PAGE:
Materials and MethodsPeptides Synthesis and Purification. Peptides were assembled on Rink Amide res...
Potassium‐ion batteries (PIBs) have attracted considerable attention due to the low redox potential, low price, and abundance, in comparison to lithium and sodium. Herein, a novel potassium MoSe2/N‐C battery with a new electrolyte, 1 m potassium bis(fluoro‐slufonyl)imide in ethyl methyl carbonate, is reported. The MoSe2/N‐C composite, which consists of carbon‐coated MoSe2 nanosheets, is synthesized through solvothermal and annealing method. As an anode material for PIBs, it exhibits an outstanding rate performance and long cycling stability. Meanwhile, a reversible capacity of 258.02 mA h g−1 is achieved after 300 cycles at 100 mA g−1, obtaining a Coulombic efficiency close to 100%. Even at a high current density, it can maintain 218 and 197 mA h g−1 at 500 and 1000 mA g−1, respectively. The charge/discharge mechanism of MoSe2/N‐C as the anode material for PIBs is investigated. These results reveal that the insertion and the extraction of K+ will lead to a phase transition of MoSe2. During the charge process, a part of the MoSe2 will transform to Mo15Se19 and the major final discharge product is K5Se3.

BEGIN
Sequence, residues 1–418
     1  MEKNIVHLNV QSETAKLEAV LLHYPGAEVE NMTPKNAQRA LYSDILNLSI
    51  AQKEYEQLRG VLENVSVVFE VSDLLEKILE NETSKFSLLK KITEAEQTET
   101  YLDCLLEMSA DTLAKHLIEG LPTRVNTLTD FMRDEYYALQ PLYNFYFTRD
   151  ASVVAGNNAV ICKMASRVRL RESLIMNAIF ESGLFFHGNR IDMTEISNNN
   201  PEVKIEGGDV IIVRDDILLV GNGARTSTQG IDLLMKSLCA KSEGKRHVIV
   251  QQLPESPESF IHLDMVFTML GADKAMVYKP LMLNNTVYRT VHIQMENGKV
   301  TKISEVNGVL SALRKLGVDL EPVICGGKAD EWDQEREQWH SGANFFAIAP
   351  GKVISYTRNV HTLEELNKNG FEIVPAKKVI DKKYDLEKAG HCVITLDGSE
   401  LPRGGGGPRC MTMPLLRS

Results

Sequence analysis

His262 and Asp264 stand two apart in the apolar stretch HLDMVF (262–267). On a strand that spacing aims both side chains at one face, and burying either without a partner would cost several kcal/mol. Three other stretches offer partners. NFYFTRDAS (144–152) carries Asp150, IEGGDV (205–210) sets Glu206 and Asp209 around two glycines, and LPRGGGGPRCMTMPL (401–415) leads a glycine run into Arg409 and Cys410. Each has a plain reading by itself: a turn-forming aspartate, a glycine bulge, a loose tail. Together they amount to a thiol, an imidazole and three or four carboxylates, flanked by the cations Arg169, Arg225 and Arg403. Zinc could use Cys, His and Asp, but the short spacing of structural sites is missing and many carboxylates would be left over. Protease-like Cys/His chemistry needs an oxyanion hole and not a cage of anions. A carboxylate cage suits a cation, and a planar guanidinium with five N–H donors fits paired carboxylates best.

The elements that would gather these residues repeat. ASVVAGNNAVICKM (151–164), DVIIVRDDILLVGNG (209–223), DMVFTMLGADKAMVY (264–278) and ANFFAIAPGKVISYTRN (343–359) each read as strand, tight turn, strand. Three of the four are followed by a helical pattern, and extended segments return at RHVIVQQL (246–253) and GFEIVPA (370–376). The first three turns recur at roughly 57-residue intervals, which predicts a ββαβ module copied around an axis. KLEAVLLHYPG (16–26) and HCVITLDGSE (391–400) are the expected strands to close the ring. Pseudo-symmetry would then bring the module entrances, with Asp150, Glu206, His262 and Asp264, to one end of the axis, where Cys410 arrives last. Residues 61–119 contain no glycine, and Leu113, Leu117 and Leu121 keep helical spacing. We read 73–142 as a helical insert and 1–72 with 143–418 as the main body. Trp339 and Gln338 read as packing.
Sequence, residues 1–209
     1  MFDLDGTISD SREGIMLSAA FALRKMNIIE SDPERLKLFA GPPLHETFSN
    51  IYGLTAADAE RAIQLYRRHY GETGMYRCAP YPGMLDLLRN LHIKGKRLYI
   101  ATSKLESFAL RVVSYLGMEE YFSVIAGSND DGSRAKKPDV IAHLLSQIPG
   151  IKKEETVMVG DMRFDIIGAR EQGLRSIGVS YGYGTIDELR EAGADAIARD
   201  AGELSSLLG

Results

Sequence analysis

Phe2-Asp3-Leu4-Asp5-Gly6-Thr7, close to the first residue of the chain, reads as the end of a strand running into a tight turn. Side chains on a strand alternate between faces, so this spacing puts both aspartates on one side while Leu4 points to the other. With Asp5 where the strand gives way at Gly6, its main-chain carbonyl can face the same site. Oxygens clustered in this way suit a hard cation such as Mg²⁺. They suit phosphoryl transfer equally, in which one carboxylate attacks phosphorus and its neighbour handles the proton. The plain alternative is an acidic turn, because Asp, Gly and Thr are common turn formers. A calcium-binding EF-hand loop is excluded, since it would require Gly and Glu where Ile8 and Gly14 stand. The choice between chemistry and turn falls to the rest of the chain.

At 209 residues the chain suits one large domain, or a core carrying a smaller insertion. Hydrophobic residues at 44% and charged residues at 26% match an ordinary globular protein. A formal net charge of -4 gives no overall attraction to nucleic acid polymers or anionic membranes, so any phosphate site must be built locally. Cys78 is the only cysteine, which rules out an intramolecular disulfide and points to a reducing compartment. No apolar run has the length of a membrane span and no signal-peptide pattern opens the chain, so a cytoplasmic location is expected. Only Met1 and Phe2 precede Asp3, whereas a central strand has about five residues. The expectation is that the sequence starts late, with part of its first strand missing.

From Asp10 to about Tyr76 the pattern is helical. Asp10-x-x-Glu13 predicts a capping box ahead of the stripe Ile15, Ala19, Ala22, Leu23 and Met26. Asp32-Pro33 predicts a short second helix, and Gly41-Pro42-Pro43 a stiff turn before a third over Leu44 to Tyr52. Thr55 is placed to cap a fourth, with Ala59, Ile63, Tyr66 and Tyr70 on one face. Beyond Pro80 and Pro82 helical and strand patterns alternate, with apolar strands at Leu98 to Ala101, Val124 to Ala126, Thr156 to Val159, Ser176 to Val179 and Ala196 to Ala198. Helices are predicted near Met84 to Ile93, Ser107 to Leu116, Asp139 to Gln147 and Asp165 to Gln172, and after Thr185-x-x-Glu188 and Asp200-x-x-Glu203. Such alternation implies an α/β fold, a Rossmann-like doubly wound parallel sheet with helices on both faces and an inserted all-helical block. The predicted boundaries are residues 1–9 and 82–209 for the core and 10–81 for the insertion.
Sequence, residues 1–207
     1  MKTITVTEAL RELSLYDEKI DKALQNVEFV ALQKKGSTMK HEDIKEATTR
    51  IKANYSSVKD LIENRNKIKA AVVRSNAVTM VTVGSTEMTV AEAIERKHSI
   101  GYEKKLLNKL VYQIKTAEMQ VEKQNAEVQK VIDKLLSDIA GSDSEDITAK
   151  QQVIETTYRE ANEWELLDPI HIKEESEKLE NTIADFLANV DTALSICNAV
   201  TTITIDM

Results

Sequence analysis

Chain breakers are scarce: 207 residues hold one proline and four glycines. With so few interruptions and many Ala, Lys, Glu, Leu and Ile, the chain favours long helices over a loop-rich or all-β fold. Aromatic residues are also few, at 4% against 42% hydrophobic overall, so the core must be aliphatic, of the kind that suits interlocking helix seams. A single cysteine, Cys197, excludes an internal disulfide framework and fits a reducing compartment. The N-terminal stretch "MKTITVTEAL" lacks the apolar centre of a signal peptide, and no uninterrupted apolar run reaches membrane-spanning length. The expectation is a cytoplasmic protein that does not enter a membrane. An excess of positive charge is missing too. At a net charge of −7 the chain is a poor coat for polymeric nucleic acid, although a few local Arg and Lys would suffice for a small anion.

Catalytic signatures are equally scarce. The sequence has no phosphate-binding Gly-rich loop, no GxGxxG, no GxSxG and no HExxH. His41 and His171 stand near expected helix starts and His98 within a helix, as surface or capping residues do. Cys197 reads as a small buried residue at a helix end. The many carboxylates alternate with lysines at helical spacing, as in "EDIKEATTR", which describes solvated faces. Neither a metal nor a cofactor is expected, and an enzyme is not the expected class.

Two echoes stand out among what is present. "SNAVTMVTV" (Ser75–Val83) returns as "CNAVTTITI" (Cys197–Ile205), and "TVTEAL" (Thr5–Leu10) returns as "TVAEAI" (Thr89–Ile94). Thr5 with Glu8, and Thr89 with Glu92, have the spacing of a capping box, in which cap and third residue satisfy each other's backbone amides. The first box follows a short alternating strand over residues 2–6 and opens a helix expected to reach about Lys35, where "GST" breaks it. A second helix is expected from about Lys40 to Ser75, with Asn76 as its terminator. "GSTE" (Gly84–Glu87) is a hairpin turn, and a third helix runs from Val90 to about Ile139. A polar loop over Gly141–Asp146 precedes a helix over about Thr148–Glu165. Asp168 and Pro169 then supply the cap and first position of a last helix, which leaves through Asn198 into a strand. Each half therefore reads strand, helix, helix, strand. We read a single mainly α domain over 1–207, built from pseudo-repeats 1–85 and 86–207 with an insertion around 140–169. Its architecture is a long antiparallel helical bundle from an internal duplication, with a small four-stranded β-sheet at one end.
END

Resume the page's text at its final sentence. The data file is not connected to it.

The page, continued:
Cognitive decline is one of the complications of type 2 diabetes (T2D). Intermittent fasting (IF) is a promising dietary intervention for alleviating T2D symptoms, but its protective effect on diabetes-driven cognitive dysfunction remains elusive. Here, we find that a 28-day IF regimen for diabetic mice improves behavioral impairment via a microbiota-metabolites-brain axis: IF enhances mitochondrial biogenesis and energy metabolism gene expression in hippocampus, restructures the gut microbiota, and improves microbial metabolites that are related to cognitive function. Moreover, strong connections are observed between IF affected genes, microbiota and metabolites, as assessed by integrative modelling. Removing gut microbiota with antibiotics partly abolishes the neuroprotective effects of IF. Administration of 3-indolepropionic acid, serotonin, short chain fatty acids or tauroursodeoxycholic acid shows a similar effect to IF in terms of improving cognitive function. Together, our study purports the microbiota-metabolites-brain axis as a mechanism that can enable therapeutic strategies against metabolism-implicated cognitive pathophysiologies.